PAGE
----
In an industry where many of the most innovative and bold ideas are coming out of smaller studios, where development of titles can take a significant time investment and profitability is always a fine line, being targeted by a cloneware company can sink you. Not only that but in a world where you can now get an equally skilled work force in booming economies such as India and China, for significantly less costs than running a comparable team in Europe or North America, it's possible for companies to throw large amounts of man power behind clone projects, expediting their time to market. In this kind of environment the traditional competitive advantage of being first to market with an idea vanishes, as such copy products can be turned round before the original creators can exploit their original concept sufficiently to turn a profit. Patents aren't just about protecting big business, they are also about protecting the little man with a great idea from being exploited by larger organisations who have greater man power and advertising budgets. If you don't protect these people and reward their innovation you merely perpetuate the cycle of gaming being dominated by a few, large companies and stifle the diversity and inventiveness of the industry as a whole.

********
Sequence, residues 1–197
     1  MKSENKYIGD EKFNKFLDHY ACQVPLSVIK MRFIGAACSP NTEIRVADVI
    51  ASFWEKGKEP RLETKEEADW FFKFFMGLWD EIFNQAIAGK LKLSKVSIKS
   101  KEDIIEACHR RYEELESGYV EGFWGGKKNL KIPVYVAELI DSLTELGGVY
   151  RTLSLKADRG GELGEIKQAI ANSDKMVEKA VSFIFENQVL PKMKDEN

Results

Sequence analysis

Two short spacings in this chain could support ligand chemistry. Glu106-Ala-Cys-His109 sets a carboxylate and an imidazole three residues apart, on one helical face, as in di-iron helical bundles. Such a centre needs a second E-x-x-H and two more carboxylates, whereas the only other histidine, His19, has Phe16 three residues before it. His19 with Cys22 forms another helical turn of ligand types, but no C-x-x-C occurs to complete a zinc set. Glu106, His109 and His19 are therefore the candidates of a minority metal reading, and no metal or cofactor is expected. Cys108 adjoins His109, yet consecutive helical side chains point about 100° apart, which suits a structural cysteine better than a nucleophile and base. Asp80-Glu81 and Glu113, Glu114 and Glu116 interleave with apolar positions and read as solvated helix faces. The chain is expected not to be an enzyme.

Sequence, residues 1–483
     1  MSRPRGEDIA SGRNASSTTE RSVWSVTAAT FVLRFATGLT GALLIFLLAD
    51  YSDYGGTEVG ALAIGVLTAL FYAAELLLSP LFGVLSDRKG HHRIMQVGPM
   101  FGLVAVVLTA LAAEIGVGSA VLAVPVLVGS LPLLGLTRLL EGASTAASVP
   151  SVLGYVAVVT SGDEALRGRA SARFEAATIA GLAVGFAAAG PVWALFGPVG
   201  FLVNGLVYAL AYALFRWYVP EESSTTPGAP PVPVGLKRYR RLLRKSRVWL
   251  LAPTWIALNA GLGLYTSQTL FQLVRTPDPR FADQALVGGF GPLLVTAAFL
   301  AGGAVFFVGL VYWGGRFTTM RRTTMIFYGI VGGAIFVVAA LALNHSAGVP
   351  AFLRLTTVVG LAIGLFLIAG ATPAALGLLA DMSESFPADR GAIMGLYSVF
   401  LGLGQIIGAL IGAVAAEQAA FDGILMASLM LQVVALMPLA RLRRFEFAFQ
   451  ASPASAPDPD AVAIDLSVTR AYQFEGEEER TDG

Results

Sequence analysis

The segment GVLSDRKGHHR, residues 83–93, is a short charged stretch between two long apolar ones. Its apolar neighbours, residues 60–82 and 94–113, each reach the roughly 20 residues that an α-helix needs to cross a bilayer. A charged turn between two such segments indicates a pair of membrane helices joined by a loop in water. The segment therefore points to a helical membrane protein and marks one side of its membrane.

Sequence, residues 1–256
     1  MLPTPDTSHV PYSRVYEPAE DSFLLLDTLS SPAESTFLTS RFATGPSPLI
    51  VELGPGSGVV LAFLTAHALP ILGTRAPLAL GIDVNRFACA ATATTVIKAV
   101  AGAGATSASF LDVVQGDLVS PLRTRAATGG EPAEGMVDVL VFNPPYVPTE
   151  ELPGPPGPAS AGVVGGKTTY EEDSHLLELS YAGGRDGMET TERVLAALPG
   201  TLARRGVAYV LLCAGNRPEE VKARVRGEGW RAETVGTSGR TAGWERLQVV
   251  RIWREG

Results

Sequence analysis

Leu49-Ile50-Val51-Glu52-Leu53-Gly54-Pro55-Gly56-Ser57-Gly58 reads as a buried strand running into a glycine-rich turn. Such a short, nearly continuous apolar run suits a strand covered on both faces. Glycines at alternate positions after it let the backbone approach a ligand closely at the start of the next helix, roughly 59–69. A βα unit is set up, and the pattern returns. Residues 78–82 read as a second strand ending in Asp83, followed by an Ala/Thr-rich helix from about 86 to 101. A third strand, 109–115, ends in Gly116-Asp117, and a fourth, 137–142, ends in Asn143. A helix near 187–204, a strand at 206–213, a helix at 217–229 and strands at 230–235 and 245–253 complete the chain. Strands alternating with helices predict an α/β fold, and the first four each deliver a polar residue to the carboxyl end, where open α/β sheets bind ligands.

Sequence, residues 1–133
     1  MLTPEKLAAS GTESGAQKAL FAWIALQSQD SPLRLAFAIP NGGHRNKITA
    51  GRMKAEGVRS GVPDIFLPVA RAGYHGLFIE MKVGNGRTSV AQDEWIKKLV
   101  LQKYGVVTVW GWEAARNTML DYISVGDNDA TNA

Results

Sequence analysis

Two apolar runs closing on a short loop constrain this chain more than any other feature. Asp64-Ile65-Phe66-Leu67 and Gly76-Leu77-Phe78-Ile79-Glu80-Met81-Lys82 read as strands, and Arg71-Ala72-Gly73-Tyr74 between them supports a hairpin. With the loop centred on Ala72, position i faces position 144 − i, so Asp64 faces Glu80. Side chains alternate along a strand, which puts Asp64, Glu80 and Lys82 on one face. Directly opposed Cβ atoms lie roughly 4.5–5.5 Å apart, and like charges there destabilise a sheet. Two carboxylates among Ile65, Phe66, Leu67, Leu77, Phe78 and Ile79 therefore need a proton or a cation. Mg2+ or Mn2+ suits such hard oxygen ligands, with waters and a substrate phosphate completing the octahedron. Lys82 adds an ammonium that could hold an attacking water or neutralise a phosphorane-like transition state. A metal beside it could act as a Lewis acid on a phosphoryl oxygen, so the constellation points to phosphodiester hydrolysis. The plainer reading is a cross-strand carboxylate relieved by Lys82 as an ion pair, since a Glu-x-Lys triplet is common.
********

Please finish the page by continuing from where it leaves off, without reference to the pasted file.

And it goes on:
Both require skill, ingenuity and a great deal of monetary and time investment to create. Why should one business not have the same rights as the other when software creation is just as important a lynchpin of modern economies as manufacturing design?
    Both require skill, ingenuity and a great deal of monetary and time investment to create. Why should one business not have the same rights as the other when software creation is just as important a lynchpin of modern economies as manufacturing design?